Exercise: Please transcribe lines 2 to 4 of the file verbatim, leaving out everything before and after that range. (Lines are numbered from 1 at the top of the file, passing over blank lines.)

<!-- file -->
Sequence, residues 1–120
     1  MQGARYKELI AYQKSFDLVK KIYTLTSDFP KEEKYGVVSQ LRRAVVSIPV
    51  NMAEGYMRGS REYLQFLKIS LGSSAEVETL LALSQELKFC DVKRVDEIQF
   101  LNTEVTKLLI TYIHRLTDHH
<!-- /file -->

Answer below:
     1  MQGARYKELI AYQKSFDLVK KIYTLTSDFP KEEKYGVVSQ LRRAVVSIPV
    51  NMAEGYMRGS REYLQFLKIS LGSSAEVETL LALSQELKFC DVKRVDEIQF
   101  LNTEVTKLLI TYIHRLTDHH